Depression is a debilitating psychiatric disorder with a high rate of relapse and a low rate of response to antidepressant treatment. There is a dearth of new antidepressants due to an incomplete understanding of the molecular mechanisms involved in its etiopathology. Chronic stress appears to be one of the foremost underlying causes of depression. Studies in animal models in the past decade have implicated epigenetic mechanisms in mediating the negative effects of chronic stressful events on the progression/manifestation of depression and other co-morbid neuropsychiatric disorders. However, non-coding RNAs, another layer of epigenetic regulation is relatively less studied in depression. Here, using the chronic social defeat stress (CSDS)-induced depression model, we hypothesized dysregulation in miRNA-mRNA networks in the neurogenic dentate gyrus (DG) region of male C57BL/6 mice. Among several dysregulated miRNAs identified via miRNA arrays, the most striking finding was the downregulation of miRNAs of the miR-30 family in stressed/defeated mice. To investigate miRNAs in the DG-resident neural stem/progenitor cells (NSCs/NPCs), we used the in vitro neurosphere culture, where proliferating NSCs/NPCs were subjected to differentiation. Among several differentially expressed miRNAs, we observed an upregulation of miR-30 family miRNAs upon differentiation. To search for the gene targets of these miRNAs, we performed gene arrays followed by bioinformatics analysis, miRNA manipulations and luciferase assays. Our results suggest that miR-30 family miRNAs mediate chronic stress-induced depression-like phenotype by altering hippocampal neurogenesis and neuroplasticity via controlling the epigenetic and transcription regulators such as Mll3 and Runx1; and cell signaling regulators like Socs3, Ppp3r1, Gpr125, and Nrp1.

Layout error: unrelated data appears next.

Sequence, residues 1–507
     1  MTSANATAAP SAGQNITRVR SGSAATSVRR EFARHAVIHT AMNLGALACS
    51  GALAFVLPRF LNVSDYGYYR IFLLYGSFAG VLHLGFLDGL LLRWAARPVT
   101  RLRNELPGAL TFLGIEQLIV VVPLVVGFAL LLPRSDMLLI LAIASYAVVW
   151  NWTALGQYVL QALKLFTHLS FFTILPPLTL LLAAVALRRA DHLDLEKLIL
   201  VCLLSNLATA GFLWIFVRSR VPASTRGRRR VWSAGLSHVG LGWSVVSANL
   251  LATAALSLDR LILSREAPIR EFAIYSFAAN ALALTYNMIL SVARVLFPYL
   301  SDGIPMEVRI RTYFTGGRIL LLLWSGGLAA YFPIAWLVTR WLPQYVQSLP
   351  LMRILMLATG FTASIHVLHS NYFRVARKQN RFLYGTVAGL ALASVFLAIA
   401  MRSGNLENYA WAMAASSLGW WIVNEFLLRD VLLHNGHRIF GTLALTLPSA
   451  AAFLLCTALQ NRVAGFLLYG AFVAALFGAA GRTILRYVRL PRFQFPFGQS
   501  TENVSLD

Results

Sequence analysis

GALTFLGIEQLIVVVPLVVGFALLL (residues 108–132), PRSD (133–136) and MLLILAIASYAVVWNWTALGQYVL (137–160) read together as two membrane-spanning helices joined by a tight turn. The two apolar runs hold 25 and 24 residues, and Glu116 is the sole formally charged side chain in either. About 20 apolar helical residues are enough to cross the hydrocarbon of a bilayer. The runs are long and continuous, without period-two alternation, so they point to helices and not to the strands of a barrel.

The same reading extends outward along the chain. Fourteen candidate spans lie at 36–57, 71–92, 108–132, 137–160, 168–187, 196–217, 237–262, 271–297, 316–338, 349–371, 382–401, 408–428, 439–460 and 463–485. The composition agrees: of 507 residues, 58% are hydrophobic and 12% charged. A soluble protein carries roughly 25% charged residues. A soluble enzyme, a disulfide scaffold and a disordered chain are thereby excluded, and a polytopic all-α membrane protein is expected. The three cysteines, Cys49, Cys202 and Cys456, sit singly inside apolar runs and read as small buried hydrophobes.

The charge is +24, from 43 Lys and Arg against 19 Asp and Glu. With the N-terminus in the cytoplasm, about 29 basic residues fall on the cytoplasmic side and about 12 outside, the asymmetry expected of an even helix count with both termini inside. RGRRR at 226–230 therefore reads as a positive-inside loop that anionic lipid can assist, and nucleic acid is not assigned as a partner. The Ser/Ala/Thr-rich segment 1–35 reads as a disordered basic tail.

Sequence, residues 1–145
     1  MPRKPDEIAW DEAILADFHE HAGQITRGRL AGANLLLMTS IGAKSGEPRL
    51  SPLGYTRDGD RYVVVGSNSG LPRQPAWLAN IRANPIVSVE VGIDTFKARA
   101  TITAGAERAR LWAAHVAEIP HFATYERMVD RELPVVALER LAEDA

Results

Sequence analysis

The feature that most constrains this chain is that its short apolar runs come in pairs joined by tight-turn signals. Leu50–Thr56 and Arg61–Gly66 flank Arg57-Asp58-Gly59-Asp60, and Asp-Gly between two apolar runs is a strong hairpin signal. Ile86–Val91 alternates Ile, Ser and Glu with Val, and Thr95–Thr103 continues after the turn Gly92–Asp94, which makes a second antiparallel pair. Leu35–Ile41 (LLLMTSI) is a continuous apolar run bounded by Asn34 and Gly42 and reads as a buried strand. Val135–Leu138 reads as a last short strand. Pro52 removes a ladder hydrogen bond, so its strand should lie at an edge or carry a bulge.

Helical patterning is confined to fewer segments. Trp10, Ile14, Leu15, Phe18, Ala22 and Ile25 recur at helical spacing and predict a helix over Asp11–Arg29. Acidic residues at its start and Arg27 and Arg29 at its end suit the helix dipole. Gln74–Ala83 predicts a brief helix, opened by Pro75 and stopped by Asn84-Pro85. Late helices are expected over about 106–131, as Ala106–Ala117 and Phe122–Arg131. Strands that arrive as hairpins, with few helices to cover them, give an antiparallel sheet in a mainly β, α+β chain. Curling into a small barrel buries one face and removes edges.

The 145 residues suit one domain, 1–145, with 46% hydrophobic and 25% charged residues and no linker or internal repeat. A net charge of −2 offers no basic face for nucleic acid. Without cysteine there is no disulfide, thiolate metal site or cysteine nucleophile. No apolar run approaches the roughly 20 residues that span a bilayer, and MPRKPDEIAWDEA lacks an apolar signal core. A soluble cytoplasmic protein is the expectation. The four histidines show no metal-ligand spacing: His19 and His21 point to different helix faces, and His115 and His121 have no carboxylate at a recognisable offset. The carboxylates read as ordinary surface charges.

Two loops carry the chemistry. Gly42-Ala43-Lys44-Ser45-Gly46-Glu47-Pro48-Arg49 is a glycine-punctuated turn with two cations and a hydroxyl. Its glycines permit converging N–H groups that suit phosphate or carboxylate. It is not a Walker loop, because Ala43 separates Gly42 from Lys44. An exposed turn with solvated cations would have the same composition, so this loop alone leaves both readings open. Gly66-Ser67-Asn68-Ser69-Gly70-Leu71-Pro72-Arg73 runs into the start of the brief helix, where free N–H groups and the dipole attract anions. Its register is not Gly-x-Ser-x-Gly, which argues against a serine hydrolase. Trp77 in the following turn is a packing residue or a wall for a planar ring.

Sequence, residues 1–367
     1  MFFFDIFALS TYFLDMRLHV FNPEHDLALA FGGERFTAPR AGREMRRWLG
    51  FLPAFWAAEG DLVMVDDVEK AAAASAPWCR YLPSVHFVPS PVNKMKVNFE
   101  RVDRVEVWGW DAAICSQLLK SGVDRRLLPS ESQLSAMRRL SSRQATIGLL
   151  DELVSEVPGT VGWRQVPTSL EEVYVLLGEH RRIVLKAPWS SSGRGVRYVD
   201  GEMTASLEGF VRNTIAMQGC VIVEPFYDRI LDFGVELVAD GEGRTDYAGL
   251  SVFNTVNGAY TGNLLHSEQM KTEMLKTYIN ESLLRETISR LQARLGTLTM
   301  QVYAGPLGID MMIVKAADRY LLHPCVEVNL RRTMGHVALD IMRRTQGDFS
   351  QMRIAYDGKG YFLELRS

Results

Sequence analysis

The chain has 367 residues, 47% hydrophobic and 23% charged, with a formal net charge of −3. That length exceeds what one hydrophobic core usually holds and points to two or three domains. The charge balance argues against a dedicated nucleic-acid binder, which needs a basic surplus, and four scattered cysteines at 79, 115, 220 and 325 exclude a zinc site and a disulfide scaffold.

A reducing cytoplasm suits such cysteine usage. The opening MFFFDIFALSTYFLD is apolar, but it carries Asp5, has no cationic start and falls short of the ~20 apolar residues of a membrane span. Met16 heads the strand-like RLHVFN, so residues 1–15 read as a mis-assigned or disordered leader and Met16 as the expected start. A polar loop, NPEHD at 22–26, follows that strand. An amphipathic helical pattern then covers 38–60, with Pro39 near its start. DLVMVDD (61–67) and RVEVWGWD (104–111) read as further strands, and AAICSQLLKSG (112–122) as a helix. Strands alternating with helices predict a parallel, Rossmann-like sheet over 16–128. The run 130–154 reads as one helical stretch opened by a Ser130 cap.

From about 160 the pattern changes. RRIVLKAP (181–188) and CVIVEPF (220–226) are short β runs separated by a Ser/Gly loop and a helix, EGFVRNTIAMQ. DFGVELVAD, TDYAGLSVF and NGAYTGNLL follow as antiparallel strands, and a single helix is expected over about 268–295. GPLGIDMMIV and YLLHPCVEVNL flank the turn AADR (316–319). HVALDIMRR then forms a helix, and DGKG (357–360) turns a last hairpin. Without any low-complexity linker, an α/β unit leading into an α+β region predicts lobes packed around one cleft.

- dentate gyrus
- social defeat stress model
ASJC Scopus subject areas
- Molecular Biology
- Cellular and Molecular Neuroscience